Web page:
Then we get into “All Gold,” which is another great Blakeism. Because “gold” often refers to bank. Cash. C.R.E.A.M. Bejamins. Cha-ching. But not on this joint. Evrlove Blake’s “gold” is his kinfolk. That’s the currency he strives for. This the most all-encompasing “circle” track. Blake brings Evrlove Corey F in on the hook. And it’s gold. Pure gold. All gold.

But then things get sad again with “XXIV” (which is currently competing in Hot 107’s Hot Factor program, so go vote for it here). I don’t know if you copped a listen to Shad’s Flying Colours project. But he had this track called “He Say, She Say.” His hook is all like, “I wanted to write a verse about how they worked it out/ And I wanted to write a verse about how they worked it out.” And essentially, Shad couldn’t solve his relationship issues so he wrote a song about it. This track is kind of the same concept. Blake looks at his girl problems through the eyes of his boo and owns up to his mistakes. But it’s not enough. So thus, this song exists.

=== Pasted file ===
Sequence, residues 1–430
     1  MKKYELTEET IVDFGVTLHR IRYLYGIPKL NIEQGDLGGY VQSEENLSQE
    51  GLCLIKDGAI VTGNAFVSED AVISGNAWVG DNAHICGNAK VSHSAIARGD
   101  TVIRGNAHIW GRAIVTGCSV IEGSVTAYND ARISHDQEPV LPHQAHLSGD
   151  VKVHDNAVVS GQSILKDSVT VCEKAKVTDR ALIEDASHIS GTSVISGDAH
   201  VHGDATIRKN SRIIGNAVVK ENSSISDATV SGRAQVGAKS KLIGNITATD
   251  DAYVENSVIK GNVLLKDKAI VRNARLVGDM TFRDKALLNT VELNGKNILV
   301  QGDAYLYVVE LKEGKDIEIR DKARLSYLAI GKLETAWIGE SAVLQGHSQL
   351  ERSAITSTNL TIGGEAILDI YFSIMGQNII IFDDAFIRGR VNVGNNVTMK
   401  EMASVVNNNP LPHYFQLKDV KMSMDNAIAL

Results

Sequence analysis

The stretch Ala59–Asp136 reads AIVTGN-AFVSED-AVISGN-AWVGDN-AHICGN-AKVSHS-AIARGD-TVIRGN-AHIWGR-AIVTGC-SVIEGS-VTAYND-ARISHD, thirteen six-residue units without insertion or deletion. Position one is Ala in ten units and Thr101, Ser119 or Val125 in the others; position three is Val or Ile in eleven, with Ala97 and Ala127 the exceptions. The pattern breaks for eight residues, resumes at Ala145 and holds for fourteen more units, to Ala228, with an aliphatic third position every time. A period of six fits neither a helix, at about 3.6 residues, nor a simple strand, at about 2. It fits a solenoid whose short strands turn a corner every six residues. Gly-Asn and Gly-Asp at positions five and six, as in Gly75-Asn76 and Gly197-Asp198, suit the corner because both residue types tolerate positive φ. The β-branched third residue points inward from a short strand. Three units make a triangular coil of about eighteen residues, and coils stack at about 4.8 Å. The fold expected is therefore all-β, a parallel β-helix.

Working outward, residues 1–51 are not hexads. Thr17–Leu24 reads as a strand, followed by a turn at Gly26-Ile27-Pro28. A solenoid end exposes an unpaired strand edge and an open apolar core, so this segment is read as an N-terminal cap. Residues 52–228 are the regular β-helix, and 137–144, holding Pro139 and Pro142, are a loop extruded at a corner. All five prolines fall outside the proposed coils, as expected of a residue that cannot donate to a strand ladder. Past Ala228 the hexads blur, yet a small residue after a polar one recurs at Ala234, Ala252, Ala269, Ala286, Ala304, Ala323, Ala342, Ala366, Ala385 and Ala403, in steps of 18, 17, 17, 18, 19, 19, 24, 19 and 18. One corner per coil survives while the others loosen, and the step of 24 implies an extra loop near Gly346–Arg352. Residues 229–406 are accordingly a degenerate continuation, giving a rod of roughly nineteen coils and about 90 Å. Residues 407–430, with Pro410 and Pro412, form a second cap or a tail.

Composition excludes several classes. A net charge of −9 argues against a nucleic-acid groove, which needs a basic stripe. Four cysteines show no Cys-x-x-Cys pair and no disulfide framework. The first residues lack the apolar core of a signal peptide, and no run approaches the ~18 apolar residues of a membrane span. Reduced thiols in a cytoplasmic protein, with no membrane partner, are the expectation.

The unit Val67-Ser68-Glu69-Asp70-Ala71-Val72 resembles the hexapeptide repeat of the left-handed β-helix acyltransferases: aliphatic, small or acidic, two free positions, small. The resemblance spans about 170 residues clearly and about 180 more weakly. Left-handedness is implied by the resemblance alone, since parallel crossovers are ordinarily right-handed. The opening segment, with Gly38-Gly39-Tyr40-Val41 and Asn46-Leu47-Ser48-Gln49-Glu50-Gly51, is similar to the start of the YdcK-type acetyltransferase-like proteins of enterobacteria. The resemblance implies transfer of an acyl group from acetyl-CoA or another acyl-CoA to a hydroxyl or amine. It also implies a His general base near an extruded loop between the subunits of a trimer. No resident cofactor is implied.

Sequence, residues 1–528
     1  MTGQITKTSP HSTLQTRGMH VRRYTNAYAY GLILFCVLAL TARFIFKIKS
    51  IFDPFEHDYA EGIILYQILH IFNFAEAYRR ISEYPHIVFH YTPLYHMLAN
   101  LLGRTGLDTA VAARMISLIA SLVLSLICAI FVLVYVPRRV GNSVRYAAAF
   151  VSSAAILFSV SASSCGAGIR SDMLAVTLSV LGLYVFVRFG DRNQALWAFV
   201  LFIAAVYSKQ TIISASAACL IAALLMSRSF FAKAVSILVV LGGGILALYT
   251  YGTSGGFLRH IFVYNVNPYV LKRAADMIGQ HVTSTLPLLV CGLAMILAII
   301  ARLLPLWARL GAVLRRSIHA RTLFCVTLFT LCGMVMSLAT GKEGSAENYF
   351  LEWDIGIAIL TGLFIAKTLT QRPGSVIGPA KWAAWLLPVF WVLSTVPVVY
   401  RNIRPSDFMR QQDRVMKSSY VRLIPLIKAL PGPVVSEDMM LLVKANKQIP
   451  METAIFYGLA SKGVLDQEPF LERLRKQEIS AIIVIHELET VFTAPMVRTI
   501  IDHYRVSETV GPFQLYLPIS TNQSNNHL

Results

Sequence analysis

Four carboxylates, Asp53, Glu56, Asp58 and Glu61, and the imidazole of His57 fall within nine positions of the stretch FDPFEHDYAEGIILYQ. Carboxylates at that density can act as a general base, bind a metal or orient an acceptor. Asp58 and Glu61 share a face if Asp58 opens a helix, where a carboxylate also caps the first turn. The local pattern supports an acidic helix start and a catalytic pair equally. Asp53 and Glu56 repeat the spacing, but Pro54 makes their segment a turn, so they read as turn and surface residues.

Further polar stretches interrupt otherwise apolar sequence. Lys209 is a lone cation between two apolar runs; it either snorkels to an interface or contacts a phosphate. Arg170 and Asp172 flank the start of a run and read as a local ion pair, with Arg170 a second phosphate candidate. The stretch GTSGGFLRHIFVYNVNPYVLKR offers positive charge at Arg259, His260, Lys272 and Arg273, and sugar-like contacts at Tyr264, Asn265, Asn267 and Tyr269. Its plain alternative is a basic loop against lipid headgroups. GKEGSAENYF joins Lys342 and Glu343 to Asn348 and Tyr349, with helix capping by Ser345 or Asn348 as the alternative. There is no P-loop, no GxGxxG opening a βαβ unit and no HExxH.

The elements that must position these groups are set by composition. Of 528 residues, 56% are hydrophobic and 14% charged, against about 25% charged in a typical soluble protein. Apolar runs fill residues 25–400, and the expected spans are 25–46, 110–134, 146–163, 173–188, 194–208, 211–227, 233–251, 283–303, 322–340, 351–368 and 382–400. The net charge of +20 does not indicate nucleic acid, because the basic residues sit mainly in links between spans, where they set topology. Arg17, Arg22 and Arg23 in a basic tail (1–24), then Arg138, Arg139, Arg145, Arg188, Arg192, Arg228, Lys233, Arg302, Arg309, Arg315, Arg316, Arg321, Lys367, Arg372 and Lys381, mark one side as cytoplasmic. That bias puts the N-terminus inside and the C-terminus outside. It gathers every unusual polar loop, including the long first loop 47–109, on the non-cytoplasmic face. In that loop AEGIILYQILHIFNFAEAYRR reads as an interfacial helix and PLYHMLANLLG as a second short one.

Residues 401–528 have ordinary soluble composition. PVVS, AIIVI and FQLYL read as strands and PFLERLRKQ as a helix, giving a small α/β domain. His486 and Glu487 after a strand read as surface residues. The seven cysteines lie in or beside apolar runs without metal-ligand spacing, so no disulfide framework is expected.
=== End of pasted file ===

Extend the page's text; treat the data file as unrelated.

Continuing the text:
As the project progresses, you’ll notice that Blake starts to replace letters in song titles with the letter X. We have “Rxght Bxck” and “XNO.” And all sorts of shenanigans like that. It feels a bit A$AP to me. Like I should spell my name “$@R@H,” or something. Because apparently letters are now irrelevant. But it works. Because these songs are written in choose-your-own-adventure format. That is, they are to be interpreted by the listener. Like when Blake gets with Evrlove Corey F and H-Town (who’s an honorary Evrlove crew dude, by the way) on “Rxght Bxck” and they rap about “stacks” and “building from the bottom.” And you realize that the “stacks” are actually Blake’s homies. And then you wonder what your stacks are. And then we get into “XNO.” And you’ll notice Blake uses the phrases “I know” and “X and O.” So the title “XNO” has two meanings. It sounds like Blake is versing about being in love with a stripper. But I think the stripper is a metaphor for all of the “squares.” The people who are so concerned about getting something that they lose sight of why they’re doing it. Like rap cats who crank out meaningless songs for the listens. They be stripping for the music industry.